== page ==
It was not terribly long ago that I was a bit down on Nintendo for their various mixed messaging to customers. Now Sony is giving us a taste of the same. It was first mentioned a couple of days ago that SCE chief executive officer Andrew House referred to the PS Vita as a legacy system. As the internet is prone to doing, many people kind of lost their minds over this as the Vita has been touted as a big part of Sony’s plans going forward, including pairing it with the PS4. Since then there has been a bit of backtracking on the part of Sony.
Sony since said that they were referring to older models of the handheld. Still, those models do very little differently from the current versions and at the end of the day, there does appear to be waning support for the handheld. To hear House use terms like ‘vibrant’ and ‘strong’ in addressing the system’s popularity in Asia, one would assume that Sony might still have some big plans for the handheld console.
It is great to hear that Sony will continue to support a mobile market and that the Vita is not yet relegated to the same mothballs that the PSP and PS2 find themselves in, but it certainly shakes confidence from customers. The Vita has always been an under-appreciated system with a great deal of potential. There are plenty who say that the Vita and 3DS are going to go extinct because of mobile phones, but I do not buy it personally. I have an iPhone and I play a couple of lightweight games here and there but they do not stack up to the experiences found on the 3DS or Vita.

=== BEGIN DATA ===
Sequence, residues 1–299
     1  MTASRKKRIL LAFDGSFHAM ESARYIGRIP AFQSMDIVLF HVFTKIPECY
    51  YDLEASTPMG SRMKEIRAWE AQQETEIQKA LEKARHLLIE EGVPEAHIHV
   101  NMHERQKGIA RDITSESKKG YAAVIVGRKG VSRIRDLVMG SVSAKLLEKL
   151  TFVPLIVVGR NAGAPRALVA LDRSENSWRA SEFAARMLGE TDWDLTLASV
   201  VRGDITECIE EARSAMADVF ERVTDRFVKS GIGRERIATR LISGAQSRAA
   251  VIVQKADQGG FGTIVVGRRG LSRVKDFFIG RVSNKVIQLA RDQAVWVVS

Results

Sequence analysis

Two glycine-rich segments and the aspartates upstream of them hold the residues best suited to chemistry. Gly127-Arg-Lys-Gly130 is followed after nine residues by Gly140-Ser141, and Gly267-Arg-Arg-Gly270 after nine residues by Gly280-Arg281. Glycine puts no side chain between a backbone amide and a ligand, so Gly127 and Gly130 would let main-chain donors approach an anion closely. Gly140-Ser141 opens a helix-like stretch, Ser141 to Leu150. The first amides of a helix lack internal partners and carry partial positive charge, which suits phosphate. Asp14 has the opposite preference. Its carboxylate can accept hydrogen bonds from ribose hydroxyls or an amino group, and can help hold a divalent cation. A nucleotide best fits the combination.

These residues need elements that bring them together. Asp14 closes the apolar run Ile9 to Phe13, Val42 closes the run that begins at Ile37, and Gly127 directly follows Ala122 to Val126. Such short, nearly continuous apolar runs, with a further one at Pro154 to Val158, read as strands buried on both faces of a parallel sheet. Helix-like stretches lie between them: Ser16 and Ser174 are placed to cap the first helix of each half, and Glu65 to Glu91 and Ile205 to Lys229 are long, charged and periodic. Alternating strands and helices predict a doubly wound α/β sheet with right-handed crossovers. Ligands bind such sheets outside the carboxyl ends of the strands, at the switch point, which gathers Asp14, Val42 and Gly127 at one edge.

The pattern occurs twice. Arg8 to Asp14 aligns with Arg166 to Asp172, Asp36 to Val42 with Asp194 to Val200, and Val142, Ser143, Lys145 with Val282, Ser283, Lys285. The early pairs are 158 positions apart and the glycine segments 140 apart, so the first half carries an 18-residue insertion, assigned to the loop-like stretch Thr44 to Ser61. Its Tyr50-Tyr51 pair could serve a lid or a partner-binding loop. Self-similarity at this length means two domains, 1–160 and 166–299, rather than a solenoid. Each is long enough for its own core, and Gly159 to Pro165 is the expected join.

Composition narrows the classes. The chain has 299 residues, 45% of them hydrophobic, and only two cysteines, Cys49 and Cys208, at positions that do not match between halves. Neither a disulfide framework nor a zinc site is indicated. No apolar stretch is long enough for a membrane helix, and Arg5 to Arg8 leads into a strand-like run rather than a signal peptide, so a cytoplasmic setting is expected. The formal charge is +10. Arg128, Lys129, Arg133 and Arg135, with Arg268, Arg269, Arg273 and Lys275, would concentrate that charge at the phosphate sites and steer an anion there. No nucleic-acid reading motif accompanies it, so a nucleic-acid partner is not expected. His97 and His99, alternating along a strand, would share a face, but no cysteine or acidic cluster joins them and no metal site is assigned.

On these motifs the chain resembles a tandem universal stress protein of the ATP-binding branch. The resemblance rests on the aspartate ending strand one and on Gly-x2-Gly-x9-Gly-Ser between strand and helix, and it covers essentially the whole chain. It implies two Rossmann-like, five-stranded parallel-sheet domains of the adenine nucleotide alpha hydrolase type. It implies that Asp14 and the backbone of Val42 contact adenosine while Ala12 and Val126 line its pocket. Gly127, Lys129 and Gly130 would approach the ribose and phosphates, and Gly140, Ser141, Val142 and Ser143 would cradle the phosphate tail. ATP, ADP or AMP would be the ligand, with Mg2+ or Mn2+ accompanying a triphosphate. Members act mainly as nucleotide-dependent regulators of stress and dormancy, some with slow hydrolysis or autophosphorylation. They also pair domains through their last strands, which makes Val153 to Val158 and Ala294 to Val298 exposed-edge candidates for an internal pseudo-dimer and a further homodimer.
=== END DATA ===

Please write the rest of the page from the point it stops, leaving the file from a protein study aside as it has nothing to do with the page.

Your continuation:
Even if the Vita is not dead and buried yet, it still feels as though it is on life support. House did say, “we will continue to see a decrease in PlayStation 3 platform sales, as well as a decrease in portable business”. Given that Konami recently has made it clear that the mobile space is where they think they will succeed, it sure feels like those two business ideologies are opposed with one another.
If the Vita fails, Sony has no one to blame but itself. There are a good number of gamers who feel that the PS Vita is already a failed platform, and from a commercial success they could be correct. It would be a shame, because the Vita really is a beautiful piece of gaming hardware that has a number of excellent titles for it (with shared titles like Shovel Knight and Disgaea 4 as well as unique ones such as Danganronpa and beautiful remakes such as Persona 4).
Sony made its share of missteps however, most notably in their overpriced proprietary memory cards and uneven support of AAA titles that turned the PS Vita into a more niche console. This is hardly a bad thing – the PSP has seen a huge number of niche titles over the years, but those kinds of titles really only help the consoles sell well in Asia. In the US and UK, commercial success relies on the kinds of AAA titles that the Vita just never really seemed to get (and when they did, they were usually really poor versions, such as the abysmal Call of Duty).
E3 this year will likely be quite telling – more so than any of this week’s back and forth public speak. If Sony truly intends to make the Vita an important part of its strategy going forward, this is the year where they really need to state their case. It might already be too late, and I get the feeling that Sony’s E3 will have very little new on the Vita front. The portable handheld console might not be buried yet, but it feels like one foot is unfortunately in the grave.
Article by Nick